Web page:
Will on-line recruitment take off - or is it just a gimmick?
Imagine a virtual reality recruitment office in which you can register as a job-seeker, check for current employment opportunities and even have an interactive interview with an employment officer - all without having to leave your home. Reed Personnel Services has introduced just such an office (see above), along with a new set of pages on the Internet. On-line recruitment is growing rapidly in the US. Will it catch on in this country, or is it just a gimmick?
James Reed, chief operati ons officer of Reed Personnel Services has few doubts. He believes that the Internet radically alters the parameters of recruitment. Firstly, it allows much faster matching of the individual to the opportunity. Secondly, it removes physical constraints on knowledge - people can locate the right opportunities no matter where they are in the world. To Reed, these two changes work best when allied to good back-up - he claims not to envisage any branch closures as a result of his company's developing interest in on-line recruitment. 'The strength of our web sites is in how the technology is backed up by professionally qualified staff. It adds a further dimension to our service,' he claims.
Reed's rivals are less convinced of the potential of on-line recruitment.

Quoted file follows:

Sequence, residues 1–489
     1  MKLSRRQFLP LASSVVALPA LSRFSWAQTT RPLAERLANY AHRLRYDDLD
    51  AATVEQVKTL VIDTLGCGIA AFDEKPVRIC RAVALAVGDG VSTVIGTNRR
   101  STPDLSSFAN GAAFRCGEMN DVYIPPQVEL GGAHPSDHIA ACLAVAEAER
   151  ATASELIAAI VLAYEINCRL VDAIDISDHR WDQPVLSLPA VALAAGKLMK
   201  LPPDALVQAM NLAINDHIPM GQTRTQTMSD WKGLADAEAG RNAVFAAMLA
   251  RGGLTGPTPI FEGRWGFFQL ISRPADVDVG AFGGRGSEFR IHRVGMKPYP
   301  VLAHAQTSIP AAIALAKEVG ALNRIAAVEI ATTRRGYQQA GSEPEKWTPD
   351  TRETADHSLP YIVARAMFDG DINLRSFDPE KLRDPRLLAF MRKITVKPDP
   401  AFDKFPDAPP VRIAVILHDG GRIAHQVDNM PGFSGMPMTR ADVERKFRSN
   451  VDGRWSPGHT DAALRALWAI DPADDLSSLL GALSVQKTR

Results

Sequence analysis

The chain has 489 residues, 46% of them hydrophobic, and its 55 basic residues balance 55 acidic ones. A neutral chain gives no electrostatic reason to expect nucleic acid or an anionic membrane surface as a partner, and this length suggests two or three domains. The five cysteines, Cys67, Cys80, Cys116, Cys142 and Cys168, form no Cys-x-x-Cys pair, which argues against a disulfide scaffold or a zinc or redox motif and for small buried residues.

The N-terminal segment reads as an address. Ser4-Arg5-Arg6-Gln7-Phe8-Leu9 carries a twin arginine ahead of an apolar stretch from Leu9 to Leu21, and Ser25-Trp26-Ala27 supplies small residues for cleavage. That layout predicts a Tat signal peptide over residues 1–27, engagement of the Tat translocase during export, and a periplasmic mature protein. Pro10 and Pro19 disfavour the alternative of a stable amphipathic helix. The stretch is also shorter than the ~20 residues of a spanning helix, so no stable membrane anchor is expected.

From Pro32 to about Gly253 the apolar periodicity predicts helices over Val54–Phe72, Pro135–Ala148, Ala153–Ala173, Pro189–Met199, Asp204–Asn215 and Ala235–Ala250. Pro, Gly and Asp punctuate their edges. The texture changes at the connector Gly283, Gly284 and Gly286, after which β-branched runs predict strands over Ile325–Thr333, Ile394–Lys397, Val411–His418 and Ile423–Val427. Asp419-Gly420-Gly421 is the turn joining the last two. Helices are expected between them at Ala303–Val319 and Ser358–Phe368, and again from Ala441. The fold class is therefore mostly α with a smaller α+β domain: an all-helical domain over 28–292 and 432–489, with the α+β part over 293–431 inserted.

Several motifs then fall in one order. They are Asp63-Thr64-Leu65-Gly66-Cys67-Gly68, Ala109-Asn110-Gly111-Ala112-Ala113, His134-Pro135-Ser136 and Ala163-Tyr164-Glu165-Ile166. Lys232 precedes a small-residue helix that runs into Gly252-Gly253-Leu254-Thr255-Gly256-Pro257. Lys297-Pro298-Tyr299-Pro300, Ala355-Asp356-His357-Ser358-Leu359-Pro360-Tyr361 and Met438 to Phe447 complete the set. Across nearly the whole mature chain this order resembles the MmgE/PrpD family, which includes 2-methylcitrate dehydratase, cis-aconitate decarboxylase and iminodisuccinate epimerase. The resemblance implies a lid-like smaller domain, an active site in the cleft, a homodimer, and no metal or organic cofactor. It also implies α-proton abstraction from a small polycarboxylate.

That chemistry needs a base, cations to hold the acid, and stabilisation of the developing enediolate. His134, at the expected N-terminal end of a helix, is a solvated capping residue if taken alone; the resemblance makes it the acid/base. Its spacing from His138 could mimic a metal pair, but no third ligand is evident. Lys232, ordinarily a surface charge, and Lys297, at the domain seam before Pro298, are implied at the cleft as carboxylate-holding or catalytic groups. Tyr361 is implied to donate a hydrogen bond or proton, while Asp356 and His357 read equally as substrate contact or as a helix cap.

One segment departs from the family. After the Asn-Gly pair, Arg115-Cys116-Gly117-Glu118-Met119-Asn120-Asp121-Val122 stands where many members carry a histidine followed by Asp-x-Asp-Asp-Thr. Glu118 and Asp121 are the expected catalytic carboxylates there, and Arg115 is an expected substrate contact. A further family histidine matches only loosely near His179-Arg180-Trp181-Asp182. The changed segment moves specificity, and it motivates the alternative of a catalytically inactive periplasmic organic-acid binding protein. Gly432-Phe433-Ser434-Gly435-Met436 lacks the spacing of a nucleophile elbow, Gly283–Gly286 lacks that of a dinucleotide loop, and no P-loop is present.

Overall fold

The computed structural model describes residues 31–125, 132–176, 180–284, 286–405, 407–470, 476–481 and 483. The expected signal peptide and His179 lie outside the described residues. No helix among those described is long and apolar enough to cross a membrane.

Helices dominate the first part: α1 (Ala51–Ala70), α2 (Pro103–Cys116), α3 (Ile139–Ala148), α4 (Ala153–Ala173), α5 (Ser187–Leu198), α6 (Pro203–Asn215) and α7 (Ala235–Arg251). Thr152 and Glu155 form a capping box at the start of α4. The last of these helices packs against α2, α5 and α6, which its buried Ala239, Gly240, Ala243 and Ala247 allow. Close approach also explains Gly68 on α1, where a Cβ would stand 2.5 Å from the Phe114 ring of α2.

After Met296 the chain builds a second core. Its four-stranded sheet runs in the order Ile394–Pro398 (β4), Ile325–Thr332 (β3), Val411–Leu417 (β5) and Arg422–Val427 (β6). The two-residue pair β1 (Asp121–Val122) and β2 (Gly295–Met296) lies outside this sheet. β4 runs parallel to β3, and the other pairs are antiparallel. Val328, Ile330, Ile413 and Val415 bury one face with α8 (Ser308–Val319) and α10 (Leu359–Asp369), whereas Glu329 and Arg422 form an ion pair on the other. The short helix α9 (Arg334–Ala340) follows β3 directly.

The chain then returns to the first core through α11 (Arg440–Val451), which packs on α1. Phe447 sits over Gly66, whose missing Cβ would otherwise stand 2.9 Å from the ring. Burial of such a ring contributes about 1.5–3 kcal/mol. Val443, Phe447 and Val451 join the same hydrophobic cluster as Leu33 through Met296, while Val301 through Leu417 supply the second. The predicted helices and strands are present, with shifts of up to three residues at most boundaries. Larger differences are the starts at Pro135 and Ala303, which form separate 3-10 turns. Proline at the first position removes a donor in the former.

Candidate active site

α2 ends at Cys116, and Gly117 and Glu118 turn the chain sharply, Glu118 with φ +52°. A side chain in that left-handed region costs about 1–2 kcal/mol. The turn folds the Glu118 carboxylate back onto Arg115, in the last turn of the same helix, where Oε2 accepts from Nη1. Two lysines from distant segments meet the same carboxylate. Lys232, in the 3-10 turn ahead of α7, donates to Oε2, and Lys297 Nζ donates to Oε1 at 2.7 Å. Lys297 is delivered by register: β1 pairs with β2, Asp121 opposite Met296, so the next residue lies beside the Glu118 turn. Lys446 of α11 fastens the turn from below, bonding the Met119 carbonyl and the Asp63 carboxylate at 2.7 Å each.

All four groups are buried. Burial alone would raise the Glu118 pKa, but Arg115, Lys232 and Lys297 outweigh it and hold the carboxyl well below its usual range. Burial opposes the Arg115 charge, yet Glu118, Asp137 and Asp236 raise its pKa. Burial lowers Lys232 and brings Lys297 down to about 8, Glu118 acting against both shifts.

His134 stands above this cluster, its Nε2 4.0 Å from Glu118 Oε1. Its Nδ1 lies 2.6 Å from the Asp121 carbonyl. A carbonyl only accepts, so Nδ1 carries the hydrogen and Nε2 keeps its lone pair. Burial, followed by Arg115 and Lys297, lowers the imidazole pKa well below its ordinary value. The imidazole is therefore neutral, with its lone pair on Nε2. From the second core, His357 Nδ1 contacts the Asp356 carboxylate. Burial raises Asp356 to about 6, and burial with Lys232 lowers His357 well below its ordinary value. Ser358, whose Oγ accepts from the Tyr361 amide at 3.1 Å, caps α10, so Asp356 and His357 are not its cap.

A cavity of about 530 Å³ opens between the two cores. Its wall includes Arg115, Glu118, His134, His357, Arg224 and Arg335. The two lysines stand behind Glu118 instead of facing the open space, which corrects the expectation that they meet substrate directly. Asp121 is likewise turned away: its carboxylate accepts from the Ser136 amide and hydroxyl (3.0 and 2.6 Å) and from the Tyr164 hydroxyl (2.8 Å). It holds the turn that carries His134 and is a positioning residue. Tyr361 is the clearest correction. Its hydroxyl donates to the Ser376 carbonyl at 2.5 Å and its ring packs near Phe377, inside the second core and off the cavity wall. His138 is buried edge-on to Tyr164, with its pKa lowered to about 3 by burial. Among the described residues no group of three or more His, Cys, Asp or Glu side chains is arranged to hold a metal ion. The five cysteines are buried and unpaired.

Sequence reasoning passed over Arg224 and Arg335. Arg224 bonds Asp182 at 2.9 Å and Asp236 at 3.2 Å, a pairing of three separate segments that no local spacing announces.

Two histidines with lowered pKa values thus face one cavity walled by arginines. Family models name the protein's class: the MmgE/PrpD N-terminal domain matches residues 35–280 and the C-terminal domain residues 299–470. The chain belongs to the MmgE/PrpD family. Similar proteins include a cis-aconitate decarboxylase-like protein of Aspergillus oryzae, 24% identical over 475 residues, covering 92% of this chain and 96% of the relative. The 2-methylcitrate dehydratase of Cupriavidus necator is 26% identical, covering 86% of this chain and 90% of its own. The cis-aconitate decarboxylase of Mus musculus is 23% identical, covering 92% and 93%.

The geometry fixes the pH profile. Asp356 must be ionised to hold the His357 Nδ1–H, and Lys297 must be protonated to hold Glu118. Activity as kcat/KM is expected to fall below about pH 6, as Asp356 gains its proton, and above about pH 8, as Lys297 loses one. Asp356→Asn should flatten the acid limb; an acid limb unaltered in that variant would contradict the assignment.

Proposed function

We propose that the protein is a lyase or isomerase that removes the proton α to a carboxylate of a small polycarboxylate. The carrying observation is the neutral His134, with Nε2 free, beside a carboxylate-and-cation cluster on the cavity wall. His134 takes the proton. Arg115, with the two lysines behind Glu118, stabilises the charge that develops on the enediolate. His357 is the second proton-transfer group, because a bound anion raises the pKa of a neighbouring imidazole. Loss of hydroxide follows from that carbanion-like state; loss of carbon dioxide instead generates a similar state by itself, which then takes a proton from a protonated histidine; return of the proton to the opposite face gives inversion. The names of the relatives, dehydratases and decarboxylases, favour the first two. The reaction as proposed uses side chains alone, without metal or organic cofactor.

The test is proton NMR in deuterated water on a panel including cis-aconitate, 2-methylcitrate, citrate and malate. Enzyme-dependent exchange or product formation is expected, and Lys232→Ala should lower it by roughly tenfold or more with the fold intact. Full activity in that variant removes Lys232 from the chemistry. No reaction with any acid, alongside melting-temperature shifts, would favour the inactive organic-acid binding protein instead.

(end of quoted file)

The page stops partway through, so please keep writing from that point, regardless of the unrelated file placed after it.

Does Blue Arrow have plans to use the Internet to develop its business potential? Deborah Sharpstone, the company's PR co-ordinator, says: 'Not yet. We've thought about it, but we've got a lot of other things going on at the moment.'
Two markedly different views and most people in the industry stick resolutely to a middle ground of cautious enthusiasm. Typical is Katie Brazier, marketing services manager for Adia Alfred Marks. She says: 'We are more the traditional type of agency and still want to have an obvious high-street branch presence.' She is a firm believer in the need to meet people face to face. 'It worries me that some people, most commonly in IT, are employed solely on the basis of their Internet applications. Personality and attitude should count for as much as qualifications.' Even so, Brazier's company has its own plans for an on-line service. 'We will definitely have some kind of service, but we're still evaluating what we want to do. Every day we get people phoning us, wanting to design our web page, but they don't necessarily understand the recruitment business.' She sees little harm in moving forward cautiously and points out clear advantages in learning from the mistakes of companies like Reed. 'Reed have had to change their page once already - it took such a long time to download. That can get really frustrating for people and can really turn them off. Whatever we do we have to make sure that we don't have similar problems.'.